This peaty Single Malt dates back to 1816, when John Johnston and Archibald Campbell each constructed a distillery on what today is the Lagavulin site. After Johnston died, Campbell consolidated the two, before selling it to malt merchant Alexander Graham. Today it continues to uphold the traditions of its past, using meticulous preparation to create powerful whisky. Their signature 16 year old malt has a strong peat, smoke and seaweed nose that is followed by a nutty complexity and light fruitiness. In the mouth characters of Charcoal, dry woodiness and iodine followed by chilli chocolate and a hint of toffee. (Source: http://danmurphys.com.au/product/DM_41788/)

The original Laphroaig is distilled the same way today as when Ian Hunter invented it over 75 years ago. In making Laphroaig, malted barley is dried over a peat fire. The smoke from this peat, found only on Islay, gives Laphroaig its particularly rich flavour. Those enjoying the 10 Year Old will first notice the bold, smoky taste, followed by a hint of seaweed and a surprising sweetness. This full-bodied variant is the foundation of all Laphroaig expressions and comes with a long finish. (Source: http://www.laphroaig.com/whiskies/10yo.aspx)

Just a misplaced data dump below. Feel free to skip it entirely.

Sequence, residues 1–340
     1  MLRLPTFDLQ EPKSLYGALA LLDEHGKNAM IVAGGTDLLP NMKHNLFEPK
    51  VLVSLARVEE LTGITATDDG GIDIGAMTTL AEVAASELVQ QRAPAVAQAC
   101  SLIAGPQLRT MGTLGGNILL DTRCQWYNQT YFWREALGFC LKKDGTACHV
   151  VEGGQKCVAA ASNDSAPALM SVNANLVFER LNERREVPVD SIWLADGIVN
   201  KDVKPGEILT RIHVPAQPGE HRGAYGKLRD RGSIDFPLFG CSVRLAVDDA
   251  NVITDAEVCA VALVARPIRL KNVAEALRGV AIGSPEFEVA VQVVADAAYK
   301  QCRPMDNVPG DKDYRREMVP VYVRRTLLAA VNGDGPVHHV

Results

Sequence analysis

Tequila Revolucion: Reposado, Anejo, Blanco

I tried different varieties of tequilas recommended by a bartender at Mayaheul on Adams Street in Normal Heights, San Diego. First was the Revolution Reposado. It was good and perhaps a poor mans whiskey.  Maybe I’m doing it wrong to try to recreate smokiness in a tequila.  So next, I asked for something interesting and got the Orgullo Anejo which has lots of tastes in it and layers. There were changes with each sip.  It was definitely interesting and an experience. Still, I had the idea that I’m not experiencing intrinsic goodness of tequila and I asked the bartender. I was told that true tequila drinkers drink Blancos.  He gave me a sample of Fortaleza and I can see the rawness and appreciated it,  just like I like neat scotches. Maybe I need to order Blanco tequilas to taste the plant better.

Tequila Revolucion prides themselves in selecting 7-9 year Blue Weber Agave and baking the pinas in traditional brick ovens. The resulting liquid is fermented and then given a double-distillation process. The bottle has two interesting features: first, an engraving of two pistols; second, 45ml markers on the bottle so that pouring can be precisely measured. (This latter is a bit baffling to us–how do you use the markers while pouring?) According to the write-up in The Tasting Panel Magazine (May 2012), the brand was founded by Juan Carlos Arav Fortique in 1995 based upon the “best raw ingredients” for a product that would “rebel against the ordinary.” (Source: http://www.proof66.com/tequila/revolucion-reposado-tequila.html)